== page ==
I do a lot of container gardening, from starting seeds to growing plants that require pampering. I never, ever throw away an intact pot. I’ve even been known to pick them out of a curbside trash pickup pile.
One thing I’ve learned, the hard way, is the importance of cleaning those pots before using them for another seed, seedling or plant. Why? Take a look at one of your used pots — see those white rings around the inside? Those are salt and mineral deposits and they can dehydrate a plant’s roots if they sit up against the rings. Then there are all the gross things you can’t see, such as bacteria and fungal spores. So, even if a container appears clean, don’t take any chances and give it a good cleaning and sanitizing.
I admit, the large pots require a bit of a juggling act to get them sanitized, but when I stop to consider what might still be clinging to them — fungal pathogens, pests, fertilizer salts, etc. — the contortions are worth it.
Small pots can be cleaned in the kitchen sink or outdoors, in a large bucket. I use my bathtub for large pots. The sequence is easy:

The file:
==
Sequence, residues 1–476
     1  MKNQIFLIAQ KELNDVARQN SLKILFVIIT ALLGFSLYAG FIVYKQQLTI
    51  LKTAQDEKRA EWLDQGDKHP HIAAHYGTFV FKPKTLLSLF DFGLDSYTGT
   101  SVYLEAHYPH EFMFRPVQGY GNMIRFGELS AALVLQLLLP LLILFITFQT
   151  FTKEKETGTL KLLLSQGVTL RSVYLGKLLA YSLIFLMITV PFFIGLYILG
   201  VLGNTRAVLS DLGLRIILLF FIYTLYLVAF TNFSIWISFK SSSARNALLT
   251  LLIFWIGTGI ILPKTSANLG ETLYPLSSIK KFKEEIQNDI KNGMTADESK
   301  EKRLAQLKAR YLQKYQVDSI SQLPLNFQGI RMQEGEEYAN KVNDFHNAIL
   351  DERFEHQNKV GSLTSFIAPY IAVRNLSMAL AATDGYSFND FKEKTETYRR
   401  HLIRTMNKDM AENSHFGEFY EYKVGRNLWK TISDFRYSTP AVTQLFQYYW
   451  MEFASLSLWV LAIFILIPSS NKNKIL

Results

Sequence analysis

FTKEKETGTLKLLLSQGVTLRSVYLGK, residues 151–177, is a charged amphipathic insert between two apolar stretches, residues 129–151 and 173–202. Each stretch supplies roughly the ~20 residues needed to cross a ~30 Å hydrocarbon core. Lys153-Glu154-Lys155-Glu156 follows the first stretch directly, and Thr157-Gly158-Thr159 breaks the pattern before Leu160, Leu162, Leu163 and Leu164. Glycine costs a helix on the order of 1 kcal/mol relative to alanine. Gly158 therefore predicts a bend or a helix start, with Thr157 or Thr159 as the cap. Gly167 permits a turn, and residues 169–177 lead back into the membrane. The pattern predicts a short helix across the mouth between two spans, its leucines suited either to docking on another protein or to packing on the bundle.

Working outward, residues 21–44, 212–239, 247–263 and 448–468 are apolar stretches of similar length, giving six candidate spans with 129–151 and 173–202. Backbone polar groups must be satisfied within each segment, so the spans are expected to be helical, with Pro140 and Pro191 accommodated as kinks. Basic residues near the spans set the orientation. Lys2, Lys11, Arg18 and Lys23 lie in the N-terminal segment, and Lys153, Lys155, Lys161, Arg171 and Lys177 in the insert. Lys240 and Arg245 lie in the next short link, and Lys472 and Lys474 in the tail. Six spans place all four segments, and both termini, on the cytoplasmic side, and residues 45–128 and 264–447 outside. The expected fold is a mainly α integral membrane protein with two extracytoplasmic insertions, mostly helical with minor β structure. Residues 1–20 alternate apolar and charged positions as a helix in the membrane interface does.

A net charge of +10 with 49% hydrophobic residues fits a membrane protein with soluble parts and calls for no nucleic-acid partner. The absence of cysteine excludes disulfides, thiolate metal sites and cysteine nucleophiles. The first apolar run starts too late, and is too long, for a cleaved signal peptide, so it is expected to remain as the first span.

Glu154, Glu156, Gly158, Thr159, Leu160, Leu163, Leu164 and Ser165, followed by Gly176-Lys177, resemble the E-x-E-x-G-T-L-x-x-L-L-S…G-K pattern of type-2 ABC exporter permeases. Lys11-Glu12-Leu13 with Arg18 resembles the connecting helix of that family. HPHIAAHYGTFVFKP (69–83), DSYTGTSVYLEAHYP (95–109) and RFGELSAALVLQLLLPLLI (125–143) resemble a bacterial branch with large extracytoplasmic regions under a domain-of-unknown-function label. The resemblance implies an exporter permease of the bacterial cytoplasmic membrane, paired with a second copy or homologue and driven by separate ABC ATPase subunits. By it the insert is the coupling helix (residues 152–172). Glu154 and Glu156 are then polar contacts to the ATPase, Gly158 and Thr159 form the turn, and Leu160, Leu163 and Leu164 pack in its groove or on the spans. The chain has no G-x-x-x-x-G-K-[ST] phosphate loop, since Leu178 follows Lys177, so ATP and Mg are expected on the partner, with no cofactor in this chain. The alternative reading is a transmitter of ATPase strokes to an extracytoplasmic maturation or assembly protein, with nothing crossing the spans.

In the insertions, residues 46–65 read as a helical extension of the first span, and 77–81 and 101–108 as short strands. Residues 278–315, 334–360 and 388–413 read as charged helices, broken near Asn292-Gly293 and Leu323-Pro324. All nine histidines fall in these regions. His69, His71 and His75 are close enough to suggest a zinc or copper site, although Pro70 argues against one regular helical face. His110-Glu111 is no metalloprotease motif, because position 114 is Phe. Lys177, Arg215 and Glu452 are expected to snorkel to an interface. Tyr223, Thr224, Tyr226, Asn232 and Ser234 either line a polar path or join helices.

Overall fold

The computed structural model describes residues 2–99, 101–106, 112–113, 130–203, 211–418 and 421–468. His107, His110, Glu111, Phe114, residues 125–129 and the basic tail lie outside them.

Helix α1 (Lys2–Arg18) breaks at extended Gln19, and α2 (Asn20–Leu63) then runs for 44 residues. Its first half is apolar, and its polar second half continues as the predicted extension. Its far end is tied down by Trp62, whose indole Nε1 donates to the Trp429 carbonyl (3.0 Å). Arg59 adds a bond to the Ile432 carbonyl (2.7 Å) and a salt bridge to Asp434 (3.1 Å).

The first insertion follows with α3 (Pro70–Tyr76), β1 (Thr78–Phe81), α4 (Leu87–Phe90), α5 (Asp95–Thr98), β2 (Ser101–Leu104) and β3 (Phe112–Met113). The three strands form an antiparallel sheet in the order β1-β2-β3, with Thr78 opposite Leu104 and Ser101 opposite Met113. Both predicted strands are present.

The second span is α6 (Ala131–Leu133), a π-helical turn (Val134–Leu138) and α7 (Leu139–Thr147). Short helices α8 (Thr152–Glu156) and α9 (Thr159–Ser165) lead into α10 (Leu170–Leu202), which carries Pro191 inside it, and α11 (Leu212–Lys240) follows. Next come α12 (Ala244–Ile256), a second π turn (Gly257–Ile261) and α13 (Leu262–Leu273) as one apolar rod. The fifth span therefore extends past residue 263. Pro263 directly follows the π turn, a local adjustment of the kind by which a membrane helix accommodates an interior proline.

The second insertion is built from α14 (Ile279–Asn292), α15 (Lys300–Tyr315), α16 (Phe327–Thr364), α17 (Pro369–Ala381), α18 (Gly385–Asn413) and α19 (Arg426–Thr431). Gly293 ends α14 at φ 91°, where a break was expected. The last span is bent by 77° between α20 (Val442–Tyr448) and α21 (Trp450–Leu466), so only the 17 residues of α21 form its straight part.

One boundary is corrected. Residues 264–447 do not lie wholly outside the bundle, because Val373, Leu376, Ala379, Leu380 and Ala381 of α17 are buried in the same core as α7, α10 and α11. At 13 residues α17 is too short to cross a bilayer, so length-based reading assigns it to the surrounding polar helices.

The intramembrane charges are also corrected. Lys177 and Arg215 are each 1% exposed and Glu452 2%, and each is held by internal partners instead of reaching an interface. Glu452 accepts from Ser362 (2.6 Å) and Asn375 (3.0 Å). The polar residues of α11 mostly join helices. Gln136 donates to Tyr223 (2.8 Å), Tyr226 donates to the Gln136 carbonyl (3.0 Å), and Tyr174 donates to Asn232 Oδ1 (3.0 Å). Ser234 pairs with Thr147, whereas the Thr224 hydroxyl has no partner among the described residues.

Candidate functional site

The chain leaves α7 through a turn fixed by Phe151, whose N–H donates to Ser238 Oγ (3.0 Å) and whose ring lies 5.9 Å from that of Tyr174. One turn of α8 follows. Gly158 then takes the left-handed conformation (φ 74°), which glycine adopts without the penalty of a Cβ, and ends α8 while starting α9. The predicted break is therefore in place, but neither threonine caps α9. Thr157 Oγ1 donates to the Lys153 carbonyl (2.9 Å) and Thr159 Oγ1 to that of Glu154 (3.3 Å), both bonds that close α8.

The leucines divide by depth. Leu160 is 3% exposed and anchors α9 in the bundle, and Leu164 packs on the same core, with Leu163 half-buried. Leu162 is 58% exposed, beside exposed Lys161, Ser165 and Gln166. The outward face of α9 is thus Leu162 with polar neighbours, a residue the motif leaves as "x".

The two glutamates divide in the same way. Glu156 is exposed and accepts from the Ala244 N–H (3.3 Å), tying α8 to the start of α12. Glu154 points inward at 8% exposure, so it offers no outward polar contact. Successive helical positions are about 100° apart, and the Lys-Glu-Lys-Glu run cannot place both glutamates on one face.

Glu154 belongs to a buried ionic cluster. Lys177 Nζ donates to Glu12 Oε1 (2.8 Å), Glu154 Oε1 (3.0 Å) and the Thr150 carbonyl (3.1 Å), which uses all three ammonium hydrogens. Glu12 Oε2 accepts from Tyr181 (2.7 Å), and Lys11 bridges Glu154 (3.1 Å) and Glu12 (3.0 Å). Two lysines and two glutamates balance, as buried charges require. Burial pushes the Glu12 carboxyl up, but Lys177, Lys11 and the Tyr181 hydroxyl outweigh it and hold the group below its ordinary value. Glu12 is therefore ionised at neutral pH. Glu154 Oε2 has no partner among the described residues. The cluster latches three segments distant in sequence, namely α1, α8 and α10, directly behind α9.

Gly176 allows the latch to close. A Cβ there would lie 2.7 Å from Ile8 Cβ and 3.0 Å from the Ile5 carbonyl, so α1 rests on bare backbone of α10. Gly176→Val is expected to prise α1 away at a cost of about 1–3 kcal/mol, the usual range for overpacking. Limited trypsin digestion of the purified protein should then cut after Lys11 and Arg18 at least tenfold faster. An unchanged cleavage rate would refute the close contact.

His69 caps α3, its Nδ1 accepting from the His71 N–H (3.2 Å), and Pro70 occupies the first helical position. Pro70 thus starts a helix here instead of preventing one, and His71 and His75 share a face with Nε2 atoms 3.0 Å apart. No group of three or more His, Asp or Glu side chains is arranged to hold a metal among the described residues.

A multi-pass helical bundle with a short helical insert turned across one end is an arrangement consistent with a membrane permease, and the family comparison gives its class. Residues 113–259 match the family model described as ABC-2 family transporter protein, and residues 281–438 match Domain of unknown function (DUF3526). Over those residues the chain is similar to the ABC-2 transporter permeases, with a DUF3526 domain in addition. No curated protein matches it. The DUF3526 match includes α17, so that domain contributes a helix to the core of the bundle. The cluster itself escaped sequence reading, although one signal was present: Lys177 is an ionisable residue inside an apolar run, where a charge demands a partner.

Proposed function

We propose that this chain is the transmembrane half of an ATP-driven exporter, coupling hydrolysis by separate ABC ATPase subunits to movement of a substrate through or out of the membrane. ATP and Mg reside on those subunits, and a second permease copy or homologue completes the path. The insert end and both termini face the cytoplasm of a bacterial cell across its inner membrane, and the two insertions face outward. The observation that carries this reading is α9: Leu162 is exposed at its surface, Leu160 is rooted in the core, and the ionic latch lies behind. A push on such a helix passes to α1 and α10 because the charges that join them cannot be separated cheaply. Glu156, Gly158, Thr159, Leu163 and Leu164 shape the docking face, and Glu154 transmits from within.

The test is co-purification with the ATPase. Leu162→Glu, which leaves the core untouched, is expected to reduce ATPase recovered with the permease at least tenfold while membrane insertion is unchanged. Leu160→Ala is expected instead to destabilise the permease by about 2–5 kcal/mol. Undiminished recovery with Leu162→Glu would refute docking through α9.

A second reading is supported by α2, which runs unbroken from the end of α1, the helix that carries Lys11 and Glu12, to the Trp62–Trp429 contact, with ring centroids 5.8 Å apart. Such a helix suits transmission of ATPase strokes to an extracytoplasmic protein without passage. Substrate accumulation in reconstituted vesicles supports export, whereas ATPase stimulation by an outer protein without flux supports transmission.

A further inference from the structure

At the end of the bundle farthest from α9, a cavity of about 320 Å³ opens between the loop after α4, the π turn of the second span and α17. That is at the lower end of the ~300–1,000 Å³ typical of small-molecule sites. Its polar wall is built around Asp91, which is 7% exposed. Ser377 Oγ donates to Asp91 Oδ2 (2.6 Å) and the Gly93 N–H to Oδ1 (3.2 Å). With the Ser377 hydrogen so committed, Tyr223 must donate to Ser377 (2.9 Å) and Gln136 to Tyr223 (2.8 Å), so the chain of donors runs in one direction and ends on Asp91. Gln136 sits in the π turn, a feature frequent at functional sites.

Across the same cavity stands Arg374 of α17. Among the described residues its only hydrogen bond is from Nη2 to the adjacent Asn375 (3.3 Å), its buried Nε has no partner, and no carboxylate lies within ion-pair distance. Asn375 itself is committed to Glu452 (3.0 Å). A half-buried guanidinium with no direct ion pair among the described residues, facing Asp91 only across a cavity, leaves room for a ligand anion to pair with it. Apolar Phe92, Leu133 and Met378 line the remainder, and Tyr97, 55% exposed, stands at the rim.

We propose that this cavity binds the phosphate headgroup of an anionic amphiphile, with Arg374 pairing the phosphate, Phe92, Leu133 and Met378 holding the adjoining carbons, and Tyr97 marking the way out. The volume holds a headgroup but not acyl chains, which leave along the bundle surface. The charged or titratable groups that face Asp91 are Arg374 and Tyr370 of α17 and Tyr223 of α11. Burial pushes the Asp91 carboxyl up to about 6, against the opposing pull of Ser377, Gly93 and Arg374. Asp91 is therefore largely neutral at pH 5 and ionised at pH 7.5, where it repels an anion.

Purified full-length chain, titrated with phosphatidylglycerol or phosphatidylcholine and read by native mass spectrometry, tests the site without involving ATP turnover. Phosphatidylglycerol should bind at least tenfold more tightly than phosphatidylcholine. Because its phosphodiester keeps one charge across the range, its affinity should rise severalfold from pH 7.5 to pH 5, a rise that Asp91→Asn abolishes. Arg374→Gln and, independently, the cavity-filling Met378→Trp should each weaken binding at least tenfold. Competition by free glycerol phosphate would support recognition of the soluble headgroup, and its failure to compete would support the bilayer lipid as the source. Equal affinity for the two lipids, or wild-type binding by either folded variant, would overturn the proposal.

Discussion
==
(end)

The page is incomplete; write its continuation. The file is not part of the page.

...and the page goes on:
Scrub off the gunk
I like steel wool to scrub terra cotta pots, and not the steel wool with soap injected into it. If the gunk is really stuck on the inside of the pot, soak it for awhile and come back and try again.
Plastic pots are generally easier to scrub and steel wool scratches the outside, so I use the scrubbing part of a sponge made for non-stick cookware on those.
Make sure the water is warm and soapy and scrub the pots, inside and out and then rinse in clean water.
Disinfect planting containers
Make a solution of 9 parts of water and 1 part household bleach and soak the pots for 15 minutes in the solution. You might want to wear some latex gloves when you go fishing into the bleach solution to retrieve the pots — bleach irritates the skin.
Now rinse the pot well in plain water and leave it somewhere to dry, preferably in the sun (the sun can help kill off anything that the bleach didn’t).
Lil’ tip: When it’s time to pot up your new plant, soak terra cotta or unglazed clay pots in a bucket of water first. This keeps the clay from soaking up the moisture in the potting medium.